Rural round-up

August 23, 2016

Young Maori woman brings important cultural perspective to dairy farming:

Lincoln University student Ash-Leigh Campbell, 25, is one of the bright lights of Maori agribusiness in New Zealand.

Recently named as a finalist in the prestigious 2016 Ahuwhenua Young Māori Dairy Farmer Award – the first ever woman to make the finals of the dairy category – Campbell, who is of Ngāi Tahu descent, is passionate about bringing a Maori perspective to the dairy industry.

She graduated with a Diploma in Agriculture from Lincoln University earlier this year, and is currently studying towards a Diploma in Farm Management at Lincoln University. Her sights are set on doing a Bachelor of Commerce and Agriculture next year. Campbell is also an active member of the Dairy Women’s Network Lincoln University branch, and is involved with other industry groups. . . 

Irish Ag role mooted– Peter Burke:

New Zealand banks may have to play a social role with farmers, as do European governments, claims Professor Alan Renwick of Lincoln University.

Renwick says in NZ, with its free market approach, there is an expectation that banks, not governments, will see farmers through troubled times.

He says the EU’s Common Agricultural Policy (CAP), though much criticised for supposedly keeping farmers on the land when they should not be, in fact has other good points which help manage some of the volatility in the market. . . 

Wool stoush positive – Pam Tipa:

An attack on Wools of New Zealand by its former chief executive has turned out to be a positive, claims chairman Mark Shadbolt.  

He says plenty of backing has emerged to keep going.  

“We have had a strong acknowledgement of support not only from growers, but from the industry in NZ and globally,” Shadbolt told Rural News. . .

Synlait Milk And the A2 Milk Company Reaffirm Infant Formula Supply Arrangements:

Synlait Milk Limited (Synlait) and The a2 Milk Company Limited (a2MC) are pleased to announce a new supply agreement between the two groups for the production of a2 Platinum® infant formula.

The agreement strengthens the current business relationship between a2MC and Synlait by providing certainty around medium term growth plans.

Current production volumes remain the same, but appropriate provisions allowing for increased scale to meet market demand in the medium term have been made.

“We are very pleased to have concluded negotiations in relation to our supply relationship with Synlait. We’ve maintained appropriate flexibility to assess new product and market opportunities as they arise,” said Geoffrey Babidge, Managing Director and Chief Executive Officer of a2MC. . .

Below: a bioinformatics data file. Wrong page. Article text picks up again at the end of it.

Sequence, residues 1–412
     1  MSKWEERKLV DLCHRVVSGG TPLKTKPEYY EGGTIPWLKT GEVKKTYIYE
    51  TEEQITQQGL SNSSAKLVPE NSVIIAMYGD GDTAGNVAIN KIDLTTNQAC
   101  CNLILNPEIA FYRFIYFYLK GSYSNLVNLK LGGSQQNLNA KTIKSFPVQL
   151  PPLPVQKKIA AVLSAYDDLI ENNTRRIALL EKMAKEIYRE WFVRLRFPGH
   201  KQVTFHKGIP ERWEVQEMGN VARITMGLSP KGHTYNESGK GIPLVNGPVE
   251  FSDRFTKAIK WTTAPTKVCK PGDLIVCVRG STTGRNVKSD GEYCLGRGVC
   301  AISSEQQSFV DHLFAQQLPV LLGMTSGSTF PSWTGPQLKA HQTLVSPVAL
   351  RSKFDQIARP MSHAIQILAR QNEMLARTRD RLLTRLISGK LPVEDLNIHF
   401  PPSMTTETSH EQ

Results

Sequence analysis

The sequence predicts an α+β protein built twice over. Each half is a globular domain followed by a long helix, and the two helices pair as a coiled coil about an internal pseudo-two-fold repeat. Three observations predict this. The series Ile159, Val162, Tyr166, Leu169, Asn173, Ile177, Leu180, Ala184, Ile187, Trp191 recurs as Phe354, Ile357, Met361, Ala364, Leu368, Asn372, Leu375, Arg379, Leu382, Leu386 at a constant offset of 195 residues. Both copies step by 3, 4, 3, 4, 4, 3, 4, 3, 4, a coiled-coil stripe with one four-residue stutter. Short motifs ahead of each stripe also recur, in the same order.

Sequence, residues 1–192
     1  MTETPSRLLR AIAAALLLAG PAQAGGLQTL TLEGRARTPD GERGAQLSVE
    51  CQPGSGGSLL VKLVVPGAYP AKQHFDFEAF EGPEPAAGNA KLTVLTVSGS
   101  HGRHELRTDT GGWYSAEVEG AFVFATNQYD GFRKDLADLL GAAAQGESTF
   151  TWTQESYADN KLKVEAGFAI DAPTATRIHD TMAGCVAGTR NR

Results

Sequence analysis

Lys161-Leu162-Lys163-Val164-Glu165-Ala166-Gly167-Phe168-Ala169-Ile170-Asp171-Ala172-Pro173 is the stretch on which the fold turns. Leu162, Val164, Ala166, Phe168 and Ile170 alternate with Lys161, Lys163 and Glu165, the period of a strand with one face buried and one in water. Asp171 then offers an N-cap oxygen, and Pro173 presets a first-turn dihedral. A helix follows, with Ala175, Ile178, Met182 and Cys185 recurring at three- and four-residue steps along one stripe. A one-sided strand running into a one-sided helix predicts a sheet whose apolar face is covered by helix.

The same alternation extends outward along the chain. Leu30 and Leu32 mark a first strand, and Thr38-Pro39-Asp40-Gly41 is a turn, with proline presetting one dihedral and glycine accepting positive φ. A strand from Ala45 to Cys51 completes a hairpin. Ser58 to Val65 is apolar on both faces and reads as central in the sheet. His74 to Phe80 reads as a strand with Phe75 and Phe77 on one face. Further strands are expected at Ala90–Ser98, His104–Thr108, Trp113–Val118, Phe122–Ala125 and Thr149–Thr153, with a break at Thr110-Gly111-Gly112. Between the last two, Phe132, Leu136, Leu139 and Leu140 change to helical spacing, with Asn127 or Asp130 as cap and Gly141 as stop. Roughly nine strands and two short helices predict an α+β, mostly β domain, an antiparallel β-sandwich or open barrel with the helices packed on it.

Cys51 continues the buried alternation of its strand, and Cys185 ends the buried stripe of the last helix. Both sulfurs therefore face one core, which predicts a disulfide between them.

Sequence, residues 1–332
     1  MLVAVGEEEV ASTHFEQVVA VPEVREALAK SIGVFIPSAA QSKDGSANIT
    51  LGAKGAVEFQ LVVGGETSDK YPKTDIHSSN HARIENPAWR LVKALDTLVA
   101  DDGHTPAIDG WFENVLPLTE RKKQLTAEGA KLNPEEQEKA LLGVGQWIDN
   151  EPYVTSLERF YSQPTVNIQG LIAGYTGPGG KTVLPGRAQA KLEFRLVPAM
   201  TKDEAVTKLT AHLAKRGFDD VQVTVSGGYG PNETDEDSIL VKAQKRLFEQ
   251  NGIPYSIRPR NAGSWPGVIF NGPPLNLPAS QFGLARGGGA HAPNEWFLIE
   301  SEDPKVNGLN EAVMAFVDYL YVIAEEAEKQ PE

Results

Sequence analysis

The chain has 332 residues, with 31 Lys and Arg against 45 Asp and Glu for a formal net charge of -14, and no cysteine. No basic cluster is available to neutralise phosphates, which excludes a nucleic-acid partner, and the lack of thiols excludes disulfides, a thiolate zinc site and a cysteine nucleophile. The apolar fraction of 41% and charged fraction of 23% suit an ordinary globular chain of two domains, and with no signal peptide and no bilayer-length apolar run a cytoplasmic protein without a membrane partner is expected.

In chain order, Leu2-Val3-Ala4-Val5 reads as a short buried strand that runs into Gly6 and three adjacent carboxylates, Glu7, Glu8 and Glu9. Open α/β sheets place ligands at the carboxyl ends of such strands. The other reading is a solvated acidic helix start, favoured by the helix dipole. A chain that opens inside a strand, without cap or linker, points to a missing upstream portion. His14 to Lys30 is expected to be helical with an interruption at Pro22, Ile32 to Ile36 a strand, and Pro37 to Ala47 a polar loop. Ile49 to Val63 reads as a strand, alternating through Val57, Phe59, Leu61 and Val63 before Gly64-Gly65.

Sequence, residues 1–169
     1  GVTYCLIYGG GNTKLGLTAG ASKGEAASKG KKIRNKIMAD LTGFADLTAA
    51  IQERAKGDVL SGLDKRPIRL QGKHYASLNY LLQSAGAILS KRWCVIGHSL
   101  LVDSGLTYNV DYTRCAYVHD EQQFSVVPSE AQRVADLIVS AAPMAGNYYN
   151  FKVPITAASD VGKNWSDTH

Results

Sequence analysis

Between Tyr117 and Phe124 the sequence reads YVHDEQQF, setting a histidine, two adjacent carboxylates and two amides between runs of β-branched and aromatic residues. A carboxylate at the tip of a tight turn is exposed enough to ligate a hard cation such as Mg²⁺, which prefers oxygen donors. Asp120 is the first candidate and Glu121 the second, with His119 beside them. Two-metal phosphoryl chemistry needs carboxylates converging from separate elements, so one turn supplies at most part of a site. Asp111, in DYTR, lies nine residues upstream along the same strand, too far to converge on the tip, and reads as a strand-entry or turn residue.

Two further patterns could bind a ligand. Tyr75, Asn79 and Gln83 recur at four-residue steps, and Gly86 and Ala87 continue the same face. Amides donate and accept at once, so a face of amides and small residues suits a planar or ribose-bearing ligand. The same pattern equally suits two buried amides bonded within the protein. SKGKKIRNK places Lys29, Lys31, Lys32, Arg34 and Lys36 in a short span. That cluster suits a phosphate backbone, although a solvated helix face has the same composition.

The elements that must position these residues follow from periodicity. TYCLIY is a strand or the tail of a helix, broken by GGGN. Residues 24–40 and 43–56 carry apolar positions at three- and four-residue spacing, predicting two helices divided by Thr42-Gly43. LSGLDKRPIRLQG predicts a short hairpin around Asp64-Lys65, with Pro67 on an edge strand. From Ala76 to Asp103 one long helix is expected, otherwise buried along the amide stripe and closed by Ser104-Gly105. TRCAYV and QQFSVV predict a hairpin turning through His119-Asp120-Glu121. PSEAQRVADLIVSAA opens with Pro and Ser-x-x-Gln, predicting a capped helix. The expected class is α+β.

Comvita posts 15-month profit of $18.5M, lowers dividend ratio to pursue ‘opportunities’ – Jonathan Underhill:

(BusinessDesk) – Comvita, the manuka honey products company, posted a 15-month profit that broadly met its guidance while lowering its dividend payout ratio to chase “growth opportunities”.

Profit was $18.5 million in the 15 months ended June 30, after Comvita changed its balance date, from $10.2 million in the 12 months ended March 31, 2015, the Te Puke-based company said in a statement. Comvita reported profit of $17.2 million in the 12 months ended March 31, 2016, and had said that as the April-June quarter was typically Comvita’s quietest the 15-month result was likely to be in line with the 12 months to March 31. . . 

Wine industry converges in Marlborough:

Around 500 grape growers, winemakers, and industry leaders will converge in Marlborough this week to learn, discuss and network at the wine industry’s annual Romeo Bragato Conference.

“In the past year we’ve seen continued strong demand in our key export markets,” said New Zealand Winegrowers CEO, Philip Gregan.

“This year Bragato is all about working to protect the reputation for quality we’ve attained, and gaining a clear understanding of key market and production trends.” . . 


Rural round-up

September 4, 2013

Synlait Milk raises forecast milk price for FY2014 season:

Continuing high international commodity prices have seen Synlait Milk increase its forecast milk price for the FY2014 season from $7.00 per kgMS to $8.00 per kgMS.

The Company also lifted its advance rates for the season effective from August paid September from $4.50 per kgMS to $5.00 per kgMS.

Synlait Milk announced last week that it will process more milk than forecast this season following a decision to take a significant allocation of DIRA milk that will increase total production volumes of its ingredients products.

Synlait Milk Managing Director John Penno says the Company remains confident in achieving its forecast financial result for FY2014. . .

Vet becomes farmer with no regrets:

The lives of a qualified veterinarian and a computer science graduate from the Philippines took an unexpected turn when they arrived in New Zealand.

Unable to work in his chosen field in New Zealand unless he took a refresher course, Don Mananes, now lives with

wife Khristine and daughters Denisse (9) and Diane (4), on a dairy farm at Waiparu, near Riversdale, where he works as a farm manager and AI specialist. The family loves the lifestyle, which is different from the city lifestyle they had back home. . .

Mental health still a work in progress:

The Rural Health Alliance Aotearoa New Zealand (RHAANZ) was established in March and ”brings together health, social and political agencies with a rural focus to provide a unified voice and resource to help find solutions for the health problems facing rural communities.”

Southern Rural Life invited chairman Dr Jo Scott-Jones to discuss GPs’ roles in mental health in rural communities.

The role of the rural GP has always been one which has had to provide a wider range of services than in urban centres where there is easier access to support from other providers. . .

Heard it on the grapevine – Kat Pickford: